Donald Trump's wild claim: Unemployment is 42%

Donald Trump: Unemployment rate could be 42%
Donald Trump: Unemployment rate could be 42%

The official U.S. unemployment rate is 5.1% -- the lowest in seven years -- but Donald Trump calls that a "joke."

On Monday, he claimed he'd seen numbers that show America's real unemployment rate is as high as 42%.

How does he arrive at such a wild figure?

Trump appears to be looking at the number of American adults not working. Period.

Out of about 251 million American adults, roughly 102 million -- or 40.6% -- aren't working.

But, of course, there are a lot of reasons people don't work. They could be disabled, in college, at home raising kids or retired.

And you wouldn't include those groups in the unemployment rate, which tries to capture how many people are actively looking for work and can't find it.

Trump's claims getting more outlandish

The 42% claim just marks a ratcheting up of his rhetoric to show that America needs a drastic fix.

When he announced his run for president, he said "the real unemployment is anywhere from 18% to 20%."

CNNMoney (among others) already called out that claim for being false. The broadest measure of unemployment is 10.3%, a rate officially called "U-6 unemployment," which includes those who work part-time but want a full-time job, as well as people who have given up looking for work in the past year.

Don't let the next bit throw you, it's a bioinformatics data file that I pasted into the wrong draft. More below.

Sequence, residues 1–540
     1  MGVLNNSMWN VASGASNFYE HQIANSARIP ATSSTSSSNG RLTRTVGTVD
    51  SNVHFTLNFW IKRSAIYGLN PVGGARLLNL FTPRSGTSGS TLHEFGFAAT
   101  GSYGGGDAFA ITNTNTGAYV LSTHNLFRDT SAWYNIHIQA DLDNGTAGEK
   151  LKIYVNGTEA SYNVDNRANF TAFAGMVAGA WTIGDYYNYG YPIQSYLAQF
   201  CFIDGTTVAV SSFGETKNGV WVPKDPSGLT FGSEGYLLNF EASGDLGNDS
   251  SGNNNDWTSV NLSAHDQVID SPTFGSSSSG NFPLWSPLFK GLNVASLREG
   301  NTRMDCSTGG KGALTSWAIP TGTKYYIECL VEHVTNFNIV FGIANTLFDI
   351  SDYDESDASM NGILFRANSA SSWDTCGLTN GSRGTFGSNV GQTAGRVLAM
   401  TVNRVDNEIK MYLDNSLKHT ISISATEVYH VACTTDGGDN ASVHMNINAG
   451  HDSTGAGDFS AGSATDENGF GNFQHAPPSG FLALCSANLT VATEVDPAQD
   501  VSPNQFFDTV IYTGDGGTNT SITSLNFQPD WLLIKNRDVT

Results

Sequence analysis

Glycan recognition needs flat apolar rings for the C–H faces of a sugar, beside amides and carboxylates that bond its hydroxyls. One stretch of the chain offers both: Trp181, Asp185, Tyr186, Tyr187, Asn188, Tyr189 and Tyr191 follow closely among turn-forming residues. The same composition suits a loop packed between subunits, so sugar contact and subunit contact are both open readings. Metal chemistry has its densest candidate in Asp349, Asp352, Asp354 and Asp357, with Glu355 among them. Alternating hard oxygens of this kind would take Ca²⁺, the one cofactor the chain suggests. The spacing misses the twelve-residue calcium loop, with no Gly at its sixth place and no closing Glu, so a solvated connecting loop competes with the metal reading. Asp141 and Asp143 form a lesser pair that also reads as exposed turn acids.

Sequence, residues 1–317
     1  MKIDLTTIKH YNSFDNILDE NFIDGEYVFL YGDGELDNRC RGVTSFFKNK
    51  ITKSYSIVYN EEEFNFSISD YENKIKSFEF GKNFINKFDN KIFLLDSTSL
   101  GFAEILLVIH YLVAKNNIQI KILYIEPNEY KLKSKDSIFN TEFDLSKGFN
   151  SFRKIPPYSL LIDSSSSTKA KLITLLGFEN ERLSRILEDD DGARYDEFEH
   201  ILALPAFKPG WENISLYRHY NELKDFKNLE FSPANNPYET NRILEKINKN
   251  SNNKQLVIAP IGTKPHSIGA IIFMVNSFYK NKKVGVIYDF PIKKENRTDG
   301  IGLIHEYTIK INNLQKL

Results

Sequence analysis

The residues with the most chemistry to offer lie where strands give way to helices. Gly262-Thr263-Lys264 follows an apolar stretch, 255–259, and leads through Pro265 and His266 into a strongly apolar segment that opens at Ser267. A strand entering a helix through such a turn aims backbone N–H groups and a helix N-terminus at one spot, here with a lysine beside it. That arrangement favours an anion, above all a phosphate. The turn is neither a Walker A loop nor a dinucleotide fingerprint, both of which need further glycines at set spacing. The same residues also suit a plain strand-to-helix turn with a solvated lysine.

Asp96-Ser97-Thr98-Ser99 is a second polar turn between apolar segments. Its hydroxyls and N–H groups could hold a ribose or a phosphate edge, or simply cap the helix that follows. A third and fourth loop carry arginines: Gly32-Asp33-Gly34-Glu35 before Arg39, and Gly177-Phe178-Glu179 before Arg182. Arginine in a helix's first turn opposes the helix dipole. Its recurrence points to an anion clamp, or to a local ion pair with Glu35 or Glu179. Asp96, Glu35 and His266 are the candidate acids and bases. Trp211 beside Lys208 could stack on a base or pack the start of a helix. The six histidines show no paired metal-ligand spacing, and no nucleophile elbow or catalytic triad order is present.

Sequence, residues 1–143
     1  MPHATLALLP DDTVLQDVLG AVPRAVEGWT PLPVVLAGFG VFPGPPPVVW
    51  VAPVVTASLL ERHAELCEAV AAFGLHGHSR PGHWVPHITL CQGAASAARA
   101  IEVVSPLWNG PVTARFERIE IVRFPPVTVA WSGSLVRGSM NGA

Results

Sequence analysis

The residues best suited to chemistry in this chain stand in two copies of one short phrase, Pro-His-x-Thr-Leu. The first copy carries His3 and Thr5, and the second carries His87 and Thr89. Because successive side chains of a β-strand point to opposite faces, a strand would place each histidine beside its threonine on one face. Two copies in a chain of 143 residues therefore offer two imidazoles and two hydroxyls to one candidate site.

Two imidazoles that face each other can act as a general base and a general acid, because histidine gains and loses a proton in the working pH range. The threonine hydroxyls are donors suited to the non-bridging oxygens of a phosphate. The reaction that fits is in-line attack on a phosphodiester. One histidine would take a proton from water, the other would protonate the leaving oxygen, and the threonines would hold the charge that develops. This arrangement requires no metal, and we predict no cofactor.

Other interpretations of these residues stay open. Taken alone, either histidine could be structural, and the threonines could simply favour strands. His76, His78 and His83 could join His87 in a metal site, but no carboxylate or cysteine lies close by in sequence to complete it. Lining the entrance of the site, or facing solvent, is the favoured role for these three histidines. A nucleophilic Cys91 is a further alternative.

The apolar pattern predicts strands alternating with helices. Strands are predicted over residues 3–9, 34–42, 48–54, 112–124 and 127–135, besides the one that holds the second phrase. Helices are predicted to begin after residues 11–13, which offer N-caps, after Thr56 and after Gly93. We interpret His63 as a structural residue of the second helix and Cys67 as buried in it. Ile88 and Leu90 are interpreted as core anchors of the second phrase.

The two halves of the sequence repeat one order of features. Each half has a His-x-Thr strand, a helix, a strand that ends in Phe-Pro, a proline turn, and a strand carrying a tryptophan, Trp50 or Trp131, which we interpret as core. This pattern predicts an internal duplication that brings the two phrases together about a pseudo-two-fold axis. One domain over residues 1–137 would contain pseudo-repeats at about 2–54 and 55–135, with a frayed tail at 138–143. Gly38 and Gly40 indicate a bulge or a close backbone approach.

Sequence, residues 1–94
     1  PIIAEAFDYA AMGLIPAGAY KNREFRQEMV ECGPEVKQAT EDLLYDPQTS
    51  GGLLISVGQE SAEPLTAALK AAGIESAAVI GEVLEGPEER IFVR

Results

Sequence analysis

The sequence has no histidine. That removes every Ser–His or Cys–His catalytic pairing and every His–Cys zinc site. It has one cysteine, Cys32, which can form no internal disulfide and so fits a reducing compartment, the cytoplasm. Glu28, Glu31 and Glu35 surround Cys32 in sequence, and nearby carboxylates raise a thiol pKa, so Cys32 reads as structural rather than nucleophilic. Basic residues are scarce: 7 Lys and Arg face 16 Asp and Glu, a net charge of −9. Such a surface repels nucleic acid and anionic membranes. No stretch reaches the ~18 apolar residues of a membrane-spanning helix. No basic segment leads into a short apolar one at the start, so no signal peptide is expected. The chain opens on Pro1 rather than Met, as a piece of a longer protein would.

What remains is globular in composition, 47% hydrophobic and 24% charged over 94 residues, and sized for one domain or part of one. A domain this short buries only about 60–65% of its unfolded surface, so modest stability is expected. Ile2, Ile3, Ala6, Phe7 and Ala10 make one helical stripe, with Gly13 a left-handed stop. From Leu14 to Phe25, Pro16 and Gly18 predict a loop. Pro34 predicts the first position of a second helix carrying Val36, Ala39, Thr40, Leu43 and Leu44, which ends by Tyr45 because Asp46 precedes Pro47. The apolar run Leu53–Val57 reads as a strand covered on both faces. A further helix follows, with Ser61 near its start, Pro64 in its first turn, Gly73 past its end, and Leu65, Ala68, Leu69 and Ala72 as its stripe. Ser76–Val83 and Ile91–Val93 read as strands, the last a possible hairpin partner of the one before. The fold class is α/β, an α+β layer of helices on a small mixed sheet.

There's a valid, but different, conversation to have about the trend that more and more American adults aren't working. It was expected that the number of American adults in the workforce would decline as more Baby Boomers reached retirement age.

Economists like to point out that the two main drivers of growth are more people working or else higher productivity. With fewer adult Americans working, that makes it more difficult for the country to grow.

A common solution to that problem is letting in more immigrants, but it's hard to imagine that under a Trump administration. He even wants to deport 11 million undocumented immigrants.

"He will be lucky to get negative 3% growth if he got his wish," says Mark Zandi, chief economist at Moody's Analytics.

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